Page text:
Book Review: What Katy Did by Susan Coolidge

You can probably down this book in one sitting and be the better for it. It is formulaic, and follows the same tropes as similar children classics: The Secret Garden, Heidi, Railway Children, Anne of the Green Gables — kids getting into trouble, seeing the light to mend their ways and the family rejoicing happily at the end of the book.

Out of all the children book that I’ve read, Heidi was the most pleasantly surprising. I couldn’t exactly put my finger to exactly what it was — maybe I was enamoured with the grandfather who was a broken man, and for some reason I believe in Heidi’s innocence. In my review for Heidi, I want to believe in the character’s existence. But I cannot say the same for “Katy” because I find the characters flat. We’ve seen these characters before, we’ve seen how the story plays out, we’ve seen someone with some sort of handicap which propels the story and the values it tries to preach, we’ve heard the recycled moral.

I’m not even going to justify why I read this book. After reading the heady “Vindication” by Wollstonecraft, my brain needed some fluff. This book succeeded in that. However, after reading “Vindication”, it almost felt like “Katy” (1872) was an earlier text than “Vindication” (1792) which shows how ahead of her time Wollstonecraft was.

The girls, while receiving an education, still dream about dresses and being beautiful, it was only Katy who had any ambitions to do something great, although she knows not what. In the end her success (as great as it was due to her tragic circumstances) was to be able to manage her father’s house successfully. Clover, the second eldest daughter was praised as being a “born housewife”. I guess there is a zest in me wanting children back in the 1870s to be able to think outside of pruning themselves for coquetry and instead towards rationality and independence.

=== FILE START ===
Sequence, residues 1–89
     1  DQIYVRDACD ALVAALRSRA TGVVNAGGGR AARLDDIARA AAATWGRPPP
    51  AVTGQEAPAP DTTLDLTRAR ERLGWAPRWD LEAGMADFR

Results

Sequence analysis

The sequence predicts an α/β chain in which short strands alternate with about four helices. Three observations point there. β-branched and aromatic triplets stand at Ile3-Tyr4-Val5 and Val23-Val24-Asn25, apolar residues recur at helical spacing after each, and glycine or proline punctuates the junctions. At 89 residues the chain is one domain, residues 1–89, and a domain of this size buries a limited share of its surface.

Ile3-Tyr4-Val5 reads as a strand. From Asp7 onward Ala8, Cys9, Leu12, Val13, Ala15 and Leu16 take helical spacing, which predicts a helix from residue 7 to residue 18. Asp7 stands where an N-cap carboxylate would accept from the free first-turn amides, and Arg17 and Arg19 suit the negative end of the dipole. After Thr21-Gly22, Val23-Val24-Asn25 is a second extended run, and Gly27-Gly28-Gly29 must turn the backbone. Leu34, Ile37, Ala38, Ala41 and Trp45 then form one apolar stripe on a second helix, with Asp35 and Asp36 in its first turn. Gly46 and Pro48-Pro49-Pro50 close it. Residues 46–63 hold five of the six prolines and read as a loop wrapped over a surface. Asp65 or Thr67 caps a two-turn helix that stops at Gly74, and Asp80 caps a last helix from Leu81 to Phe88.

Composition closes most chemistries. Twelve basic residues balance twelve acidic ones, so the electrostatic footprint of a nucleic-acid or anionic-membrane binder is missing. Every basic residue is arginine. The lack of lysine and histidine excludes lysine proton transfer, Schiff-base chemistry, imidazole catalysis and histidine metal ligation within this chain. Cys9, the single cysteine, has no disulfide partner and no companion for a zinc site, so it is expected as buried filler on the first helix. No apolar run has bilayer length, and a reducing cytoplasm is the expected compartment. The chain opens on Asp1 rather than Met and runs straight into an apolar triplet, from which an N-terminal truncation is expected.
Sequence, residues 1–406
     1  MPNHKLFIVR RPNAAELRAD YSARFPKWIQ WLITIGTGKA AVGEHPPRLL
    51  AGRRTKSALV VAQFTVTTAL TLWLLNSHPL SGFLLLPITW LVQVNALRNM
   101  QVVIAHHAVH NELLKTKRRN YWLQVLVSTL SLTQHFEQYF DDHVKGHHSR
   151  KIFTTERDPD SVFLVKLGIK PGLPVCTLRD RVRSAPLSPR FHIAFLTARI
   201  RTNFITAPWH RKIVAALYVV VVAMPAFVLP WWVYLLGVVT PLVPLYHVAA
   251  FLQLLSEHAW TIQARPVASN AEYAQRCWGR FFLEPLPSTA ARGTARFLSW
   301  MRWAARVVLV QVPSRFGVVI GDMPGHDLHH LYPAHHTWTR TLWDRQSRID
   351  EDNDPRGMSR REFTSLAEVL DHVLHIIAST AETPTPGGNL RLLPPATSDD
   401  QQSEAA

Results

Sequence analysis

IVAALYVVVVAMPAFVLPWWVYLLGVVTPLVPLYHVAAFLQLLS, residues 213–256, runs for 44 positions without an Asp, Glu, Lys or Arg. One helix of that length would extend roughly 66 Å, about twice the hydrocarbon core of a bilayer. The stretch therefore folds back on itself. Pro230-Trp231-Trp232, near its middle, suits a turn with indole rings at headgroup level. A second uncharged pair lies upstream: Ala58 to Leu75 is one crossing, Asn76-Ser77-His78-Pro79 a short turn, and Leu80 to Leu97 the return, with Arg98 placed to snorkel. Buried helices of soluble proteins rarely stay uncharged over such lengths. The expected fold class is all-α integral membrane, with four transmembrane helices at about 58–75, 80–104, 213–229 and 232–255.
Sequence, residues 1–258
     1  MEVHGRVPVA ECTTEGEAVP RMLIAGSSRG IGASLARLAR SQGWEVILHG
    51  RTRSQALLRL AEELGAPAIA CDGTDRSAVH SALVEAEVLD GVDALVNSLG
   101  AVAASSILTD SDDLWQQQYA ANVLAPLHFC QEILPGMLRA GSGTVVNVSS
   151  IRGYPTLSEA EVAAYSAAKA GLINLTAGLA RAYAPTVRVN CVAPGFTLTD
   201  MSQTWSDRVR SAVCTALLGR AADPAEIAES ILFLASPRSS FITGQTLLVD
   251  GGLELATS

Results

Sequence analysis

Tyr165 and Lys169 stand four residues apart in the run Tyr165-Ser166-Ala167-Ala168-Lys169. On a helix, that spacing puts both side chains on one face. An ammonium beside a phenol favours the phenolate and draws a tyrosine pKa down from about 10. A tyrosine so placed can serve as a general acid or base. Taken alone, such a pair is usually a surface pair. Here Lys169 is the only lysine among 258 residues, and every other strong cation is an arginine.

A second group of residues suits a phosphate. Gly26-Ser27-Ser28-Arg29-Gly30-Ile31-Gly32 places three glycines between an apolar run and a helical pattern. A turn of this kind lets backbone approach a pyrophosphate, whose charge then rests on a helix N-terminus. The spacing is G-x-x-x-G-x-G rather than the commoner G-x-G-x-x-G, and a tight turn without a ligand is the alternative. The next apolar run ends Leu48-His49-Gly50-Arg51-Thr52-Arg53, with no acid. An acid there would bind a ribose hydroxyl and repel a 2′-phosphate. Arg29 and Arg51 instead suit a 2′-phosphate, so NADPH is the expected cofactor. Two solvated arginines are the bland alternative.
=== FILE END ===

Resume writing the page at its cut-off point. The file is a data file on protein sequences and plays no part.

Yet Coolidge (Or if you’d prefer, Woolsey) led her life as an independent woman, and did not rely on a husband to support her. I guess in some ways, she wrote what was expected of her. The publishers wanted another “Little Women” after seeing the success, and in some ways “Katy” also resembles this. I think personally, she should’ve done better and do more justice to her characters.

A full time project manager who loves to read on the side. Connect with me to chat anything tech and lit.